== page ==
CMSC 417 Midterm #2 (Spring 1997) - Solutions
- (15 points) Define and explain
the following terms:
- forbidden region: illegal combinations
of time/sequence numbers that could permit data from old connections
to be accepted as part of a current connection. Caused by node
crashes or sequence number wrap around.
- flow control: matching rates
between producers and consumers. Can be done at the link or network
- two army problem: explains the
problem of communicating over an unreliable network. The problem
is that two parties can never know if the last message sent was
correctly received. This problem relates to deleting a connection
between two hosts.
- MTU: Maximum Transfer Unit. The
largest packet/frame size that can travel over a network or link.
- bit stuffing: a way to prevent
the occurrence of a frame boundary string from occurring in data.
After a specific sub-string of the pattern is seen, a bit is
inserted to prevent the target string from appearing.
- (15 points) Error correction and
- What is the minimum number of error
recovery bits required to recover from an n bit error? Explain
why this number of bits is sufficient.
let n = m + r, m is the message length,
r is the number of error recovery bits. To be able to recover
from a d bit error we need to have n choose d invalid messages
for every valid message. n choose d is the number of ways you
can flip exactly d bits in an n bit message. There are 2m
valid messages so: [(n choose d) + 1] 2m <=2
but n = m + r so [(m + r) choose d + 1] <= 2r
so that the bit pattern with n errors
is the closest (min. hamming distance) bit pattern to the correct
message (it's n bits away and the rest will be at least n+1).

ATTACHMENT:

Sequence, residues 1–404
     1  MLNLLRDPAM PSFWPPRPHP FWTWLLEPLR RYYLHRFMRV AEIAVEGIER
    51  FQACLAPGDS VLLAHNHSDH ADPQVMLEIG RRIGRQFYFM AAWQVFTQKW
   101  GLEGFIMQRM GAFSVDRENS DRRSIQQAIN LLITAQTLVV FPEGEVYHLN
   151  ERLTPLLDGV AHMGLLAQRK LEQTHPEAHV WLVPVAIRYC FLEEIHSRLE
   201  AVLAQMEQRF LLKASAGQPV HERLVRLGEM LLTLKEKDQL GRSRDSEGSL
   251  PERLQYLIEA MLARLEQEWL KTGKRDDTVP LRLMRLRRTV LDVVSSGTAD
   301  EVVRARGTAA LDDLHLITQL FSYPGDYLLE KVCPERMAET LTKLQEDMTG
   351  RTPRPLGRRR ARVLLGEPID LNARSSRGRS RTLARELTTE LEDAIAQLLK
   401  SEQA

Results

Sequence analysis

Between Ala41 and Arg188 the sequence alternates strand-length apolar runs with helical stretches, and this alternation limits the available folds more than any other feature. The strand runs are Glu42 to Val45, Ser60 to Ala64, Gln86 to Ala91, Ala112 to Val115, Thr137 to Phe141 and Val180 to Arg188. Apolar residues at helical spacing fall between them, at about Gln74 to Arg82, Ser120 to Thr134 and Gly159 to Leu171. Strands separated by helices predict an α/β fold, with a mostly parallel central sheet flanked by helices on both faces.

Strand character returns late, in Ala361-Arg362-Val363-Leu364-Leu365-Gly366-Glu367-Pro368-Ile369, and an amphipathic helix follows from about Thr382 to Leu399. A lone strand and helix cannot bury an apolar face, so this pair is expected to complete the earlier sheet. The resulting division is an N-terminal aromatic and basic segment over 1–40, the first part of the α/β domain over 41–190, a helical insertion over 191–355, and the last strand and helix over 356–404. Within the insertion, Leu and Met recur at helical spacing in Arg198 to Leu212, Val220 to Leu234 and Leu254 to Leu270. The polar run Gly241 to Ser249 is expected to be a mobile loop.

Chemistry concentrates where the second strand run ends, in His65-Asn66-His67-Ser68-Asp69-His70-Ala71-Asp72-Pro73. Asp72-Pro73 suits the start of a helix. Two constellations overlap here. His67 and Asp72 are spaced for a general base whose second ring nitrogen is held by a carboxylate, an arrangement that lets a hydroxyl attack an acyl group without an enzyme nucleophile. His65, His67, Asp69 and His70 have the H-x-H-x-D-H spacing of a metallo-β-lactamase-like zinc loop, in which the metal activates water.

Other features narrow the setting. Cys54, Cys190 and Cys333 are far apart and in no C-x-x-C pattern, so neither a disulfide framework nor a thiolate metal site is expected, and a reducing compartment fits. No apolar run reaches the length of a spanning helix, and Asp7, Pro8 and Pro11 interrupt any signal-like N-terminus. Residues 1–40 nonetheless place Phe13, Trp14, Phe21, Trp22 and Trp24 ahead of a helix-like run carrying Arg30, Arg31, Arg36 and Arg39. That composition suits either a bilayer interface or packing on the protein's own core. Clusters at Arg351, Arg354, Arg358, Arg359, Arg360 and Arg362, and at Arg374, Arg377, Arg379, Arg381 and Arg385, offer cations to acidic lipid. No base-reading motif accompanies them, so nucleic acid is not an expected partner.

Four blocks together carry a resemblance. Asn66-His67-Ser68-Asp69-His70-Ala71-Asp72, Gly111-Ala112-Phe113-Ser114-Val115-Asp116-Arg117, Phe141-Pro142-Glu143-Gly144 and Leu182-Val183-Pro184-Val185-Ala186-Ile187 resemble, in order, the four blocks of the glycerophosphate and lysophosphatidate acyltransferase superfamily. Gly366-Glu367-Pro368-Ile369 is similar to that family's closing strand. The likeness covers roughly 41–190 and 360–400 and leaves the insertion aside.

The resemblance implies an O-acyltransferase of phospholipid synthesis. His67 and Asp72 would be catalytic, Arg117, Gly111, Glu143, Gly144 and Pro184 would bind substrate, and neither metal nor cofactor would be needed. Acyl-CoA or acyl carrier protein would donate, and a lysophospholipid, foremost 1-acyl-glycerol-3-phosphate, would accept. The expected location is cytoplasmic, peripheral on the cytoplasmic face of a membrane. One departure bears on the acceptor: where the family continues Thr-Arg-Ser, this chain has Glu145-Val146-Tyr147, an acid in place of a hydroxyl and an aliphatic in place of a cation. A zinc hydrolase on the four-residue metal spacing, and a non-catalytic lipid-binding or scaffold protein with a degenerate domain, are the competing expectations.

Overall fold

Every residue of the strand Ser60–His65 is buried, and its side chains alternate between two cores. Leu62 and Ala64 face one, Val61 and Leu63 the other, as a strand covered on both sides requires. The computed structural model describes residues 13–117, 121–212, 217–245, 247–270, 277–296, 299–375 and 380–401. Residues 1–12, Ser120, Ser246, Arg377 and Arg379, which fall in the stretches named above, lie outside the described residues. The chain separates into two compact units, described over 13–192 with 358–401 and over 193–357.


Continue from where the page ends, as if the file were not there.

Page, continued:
- If the ratio of error detection
bits to payload bits remains constant, what are the tradeoffs
between having the error bits applied to a single character vs.
a block of characters?
Bigger blocks can
detect longer burst errors
reduce latency when sending small frames and reduce the amount
of data to be re-transmitted when an error occurs.
- (20 points) One way to support mobile
hosts is by assigning a host a temporary IP address in its new
location, and continuing to use its old address by tunneling
IP through IP back to an agent running on the mobile host's home
- Explain the steps required to permit
a mobile host to register on a local network and start receiving
packets using its permanent IP address.
- connect to local server (agent)
on the foreign network and request temp IP address.
- local agent contacts home agent
to inform it of the mobile host's temporary IP address.
- home agent starts tunneling packets
destined from the mobile host on its temporary.
Other answers that provide the same
information exchange are possible.
- Give one advantage and one disadvantage
of this approach to IP mobility compared with having a mobile
host only use its permanent IP address.
+ only need the remote agent to setup
the transfer, not forward each packet
+packets can be sent directly to
the mobile host at its temporary IP address to prevent sending
packets long distances twice.
- software could cache temporary
IP address and re-use it after the mobile moves again.
- uses two IP addresses
- When tunneling IP through IP, it